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Nursing implications of an early warning system implemented to reduce adverse events: a qualitative study. BMJ Qual Saf 2022 Oct;31(10):716-724



Pubmed ID




Scopus ID

2-s2.0-85128972108 (requires institutional sign-in at Scopus site)   2 Citations


BACKGROUND: Unrecognised changes in a hospitalised patient's clinical course may lead to a preventable adverse event. Early warning systems (EWS) use patient data, such as vital signs, nursing assessments and laboratory values, to aid in the detection of early clinical deterioration. In 2018, an EWS programme was deployed at an academic hospital that consisted of a commercially available EWS algorithm and a centralised virtual nurse team to monitor alerts. Our objective was to understand the nursing perspective on the use of an EWS programme with centralised monitoring.

METHODS: We conducted and audio-recorded semistructured focus groups during nurse staff meetings on six inpatient units, stratified by alert frequency (high: >100 alerts/month; medium: 50-100 alerts/month; low: <50 alerts/month). Discussion topics included EWS programme experiences, perception of EWS programme utility and EWS programme implementation. Investigators analysed the focus group transcripts using a grounded theory approach.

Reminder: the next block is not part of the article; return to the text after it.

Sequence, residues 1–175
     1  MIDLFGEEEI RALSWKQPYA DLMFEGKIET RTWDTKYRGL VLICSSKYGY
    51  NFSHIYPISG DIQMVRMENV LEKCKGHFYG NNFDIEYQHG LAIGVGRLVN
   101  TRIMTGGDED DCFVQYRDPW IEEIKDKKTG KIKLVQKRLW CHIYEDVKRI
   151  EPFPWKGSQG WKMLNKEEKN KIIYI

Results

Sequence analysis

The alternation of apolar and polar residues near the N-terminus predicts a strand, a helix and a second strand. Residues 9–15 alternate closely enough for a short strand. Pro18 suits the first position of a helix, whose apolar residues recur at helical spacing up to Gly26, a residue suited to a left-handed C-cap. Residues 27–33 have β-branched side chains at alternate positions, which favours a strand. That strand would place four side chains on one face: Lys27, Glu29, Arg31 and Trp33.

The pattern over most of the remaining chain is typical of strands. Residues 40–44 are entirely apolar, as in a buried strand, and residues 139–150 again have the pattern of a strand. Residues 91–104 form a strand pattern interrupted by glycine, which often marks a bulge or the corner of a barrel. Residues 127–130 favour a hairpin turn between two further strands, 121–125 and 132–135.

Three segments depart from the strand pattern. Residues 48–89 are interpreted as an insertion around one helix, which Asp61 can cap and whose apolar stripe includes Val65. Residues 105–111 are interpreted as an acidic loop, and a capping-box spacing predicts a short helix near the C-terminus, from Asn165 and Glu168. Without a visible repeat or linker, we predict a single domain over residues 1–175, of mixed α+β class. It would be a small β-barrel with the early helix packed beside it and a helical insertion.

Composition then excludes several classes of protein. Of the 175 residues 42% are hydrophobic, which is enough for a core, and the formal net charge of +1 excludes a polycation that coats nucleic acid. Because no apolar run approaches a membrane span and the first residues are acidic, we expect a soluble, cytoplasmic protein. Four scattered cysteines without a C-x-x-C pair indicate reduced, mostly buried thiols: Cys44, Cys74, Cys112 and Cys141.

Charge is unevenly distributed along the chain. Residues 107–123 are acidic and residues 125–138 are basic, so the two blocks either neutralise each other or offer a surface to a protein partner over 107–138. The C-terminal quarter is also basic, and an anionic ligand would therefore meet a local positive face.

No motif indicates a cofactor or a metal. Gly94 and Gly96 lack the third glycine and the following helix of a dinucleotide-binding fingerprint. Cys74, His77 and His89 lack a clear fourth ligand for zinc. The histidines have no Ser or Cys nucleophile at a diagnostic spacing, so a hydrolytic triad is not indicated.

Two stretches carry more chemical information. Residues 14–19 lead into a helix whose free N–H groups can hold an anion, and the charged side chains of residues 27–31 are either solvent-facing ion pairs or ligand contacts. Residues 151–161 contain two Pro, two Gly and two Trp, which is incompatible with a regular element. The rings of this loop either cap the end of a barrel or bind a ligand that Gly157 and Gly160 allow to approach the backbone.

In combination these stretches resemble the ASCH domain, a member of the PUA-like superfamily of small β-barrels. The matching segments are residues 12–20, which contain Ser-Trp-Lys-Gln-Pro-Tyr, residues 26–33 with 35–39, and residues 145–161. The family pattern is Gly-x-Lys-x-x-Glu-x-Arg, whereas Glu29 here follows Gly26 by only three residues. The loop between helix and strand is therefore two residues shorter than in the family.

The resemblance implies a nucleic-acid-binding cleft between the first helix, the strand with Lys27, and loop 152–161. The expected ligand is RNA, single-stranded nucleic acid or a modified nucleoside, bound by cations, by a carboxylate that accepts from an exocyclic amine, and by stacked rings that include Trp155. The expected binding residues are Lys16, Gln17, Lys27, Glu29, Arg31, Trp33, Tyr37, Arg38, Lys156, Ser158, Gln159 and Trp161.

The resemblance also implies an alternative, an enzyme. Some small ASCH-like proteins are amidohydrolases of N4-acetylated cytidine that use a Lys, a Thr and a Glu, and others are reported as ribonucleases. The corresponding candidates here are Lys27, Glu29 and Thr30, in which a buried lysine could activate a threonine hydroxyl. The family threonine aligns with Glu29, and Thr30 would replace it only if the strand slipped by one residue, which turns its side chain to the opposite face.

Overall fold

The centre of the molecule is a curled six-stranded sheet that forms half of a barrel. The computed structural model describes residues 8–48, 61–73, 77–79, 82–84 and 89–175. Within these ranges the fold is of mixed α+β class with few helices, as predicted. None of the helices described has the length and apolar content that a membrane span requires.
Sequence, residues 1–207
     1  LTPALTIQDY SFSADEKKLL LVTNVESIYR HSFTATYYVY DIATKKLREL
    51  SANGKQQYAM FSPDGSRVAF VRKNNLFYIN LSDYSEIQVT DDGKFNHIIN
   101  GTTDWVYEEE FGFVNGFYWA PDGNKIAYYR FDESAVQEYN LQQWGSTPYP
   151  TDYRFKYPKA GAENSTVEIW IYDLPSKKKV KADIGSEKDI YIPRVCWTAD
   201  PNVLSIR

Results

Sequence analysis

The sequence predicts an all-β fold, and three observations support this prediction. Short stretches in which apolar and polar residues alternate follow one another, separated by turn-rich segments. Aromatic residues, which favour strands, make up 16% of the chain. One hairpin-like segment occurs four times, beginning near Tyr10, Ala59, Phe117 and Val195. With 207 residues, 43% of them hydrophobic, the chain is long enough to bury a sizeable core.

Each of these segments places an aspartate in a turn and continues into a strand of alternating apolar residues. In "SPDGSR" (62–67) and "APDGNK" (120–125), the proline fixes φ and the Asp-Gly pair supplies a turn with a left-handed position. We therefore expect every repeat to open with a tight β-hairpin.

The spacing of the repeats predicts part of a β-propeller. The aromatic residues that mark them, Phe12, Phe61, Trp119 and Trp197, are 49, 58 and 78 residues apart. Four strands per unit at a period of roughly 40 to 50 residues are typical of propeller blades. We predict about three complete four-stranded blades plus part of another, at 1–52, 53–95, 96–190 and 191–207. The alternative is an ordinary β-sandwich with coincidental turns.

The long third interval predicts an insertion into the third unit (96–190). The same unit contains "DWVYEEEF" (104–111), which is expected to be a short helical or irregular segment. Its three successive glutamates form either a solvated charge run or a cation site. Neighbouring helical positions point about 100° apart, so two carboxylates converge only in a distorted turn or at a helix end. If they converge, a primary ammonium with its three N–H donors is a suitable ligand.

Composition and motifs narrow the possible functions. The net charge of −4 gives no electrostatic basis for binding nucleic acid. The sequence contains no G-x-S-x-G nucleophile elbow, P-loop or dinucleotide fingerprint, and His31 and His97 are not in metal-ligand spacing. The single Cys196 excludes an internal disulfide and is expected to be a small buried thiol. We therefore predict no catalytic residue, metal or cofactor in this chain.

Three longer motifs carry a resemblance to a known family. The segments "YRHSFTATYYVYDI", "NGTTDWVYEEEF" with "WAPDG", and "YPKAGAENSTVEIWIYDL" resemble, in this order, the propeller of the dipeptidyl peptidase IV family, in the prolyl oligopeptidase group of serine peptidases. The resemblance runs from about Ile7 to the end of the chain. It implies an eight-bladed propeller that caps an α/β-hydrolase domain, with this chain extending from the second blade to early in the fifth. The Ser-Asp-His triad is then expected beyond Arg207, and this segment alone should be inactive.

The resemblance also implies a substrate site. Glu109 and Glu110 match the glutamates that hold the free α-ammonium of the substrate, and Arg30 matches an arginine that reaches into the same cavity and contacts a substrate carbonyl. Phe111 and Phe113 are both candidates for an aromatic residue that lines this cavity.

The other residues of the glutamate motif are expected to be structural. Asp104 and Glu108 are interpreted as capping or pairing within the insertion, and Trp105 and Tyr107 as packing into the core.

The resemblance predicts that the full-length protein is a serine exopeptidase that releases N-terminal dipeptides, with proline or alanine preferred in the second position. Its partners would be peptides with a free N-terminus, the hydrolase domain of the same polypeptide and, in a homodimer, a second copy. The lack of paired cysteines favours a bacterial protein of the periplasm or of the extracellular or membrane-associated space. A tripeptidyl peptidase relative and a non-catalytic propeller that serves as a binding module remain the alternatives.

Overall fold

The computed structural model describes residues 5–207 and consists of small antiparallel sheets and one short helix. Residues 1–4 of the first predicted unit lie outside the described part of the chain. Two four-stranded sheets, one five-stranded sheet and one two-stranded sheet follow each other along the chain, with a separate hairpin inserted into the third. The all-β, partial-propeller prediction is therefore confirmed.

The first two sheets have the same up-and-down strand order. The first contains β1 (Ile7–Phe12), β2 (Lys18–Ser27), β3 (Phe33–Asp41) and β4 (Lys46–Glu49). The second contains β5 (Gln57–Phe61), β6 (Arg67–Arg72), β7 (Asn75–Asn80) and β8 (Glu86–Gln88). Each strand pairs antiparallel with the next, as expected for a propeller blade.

RESULTS: We conducted 28 focus groups with 227 bedside nurses across all shifts. We identified six principal themes: (1) Alert timeliness, nurses reported being aware of the patient's deterioration before the EWS alert, (2) Lack of accuracy, nurses perceived most alerts as false positives, (3) Workflow interruptions caused by EWS alerts, (4) Questions of actionability of alerts, nurses were often uncertain about next steps, (5) Concerns around an underappreciation of core nursing skills via reliance on the EWS programme and (6) The opportunity cost of deploying the EWS programme.

CONCLUSION: This qualitative study of nurses demonstrates the importance of earning user trust, ensuring timeliness and outlining actionable next steps when implementing an EWS. Careful attention to user workflow is required to maximise EWS impact on improving hospital quality and patient safety.

Author List

Braun EJ, Singh S, Penlesky AC, Strong EA, Holt JM, Fletcher KE, Stadler ME, Nattinger AB, Crotty BH


Bradley H. Crotty MD Associate Professor in the Medicine department at Medical College of Wisconsin
Kathlyn E. Fletcher MD Professor in the Medicine department at Medical College of Wisconsin
Ann B. Nattinger MD, MPH Associate Provost, Professor in the Medicine department at Medical College of Wisconsin
Michael Stadler MD Associate Dean, Chief Medical Officer, Associate P in the Medical College Physicians Administration department at Medical College of Wisconsin

MESH terms used to index this publication - Major topics in bold

Clinical Deterioration
Focus Groups
Monitoring, Physiologic
Qualitative Research
Vital Signs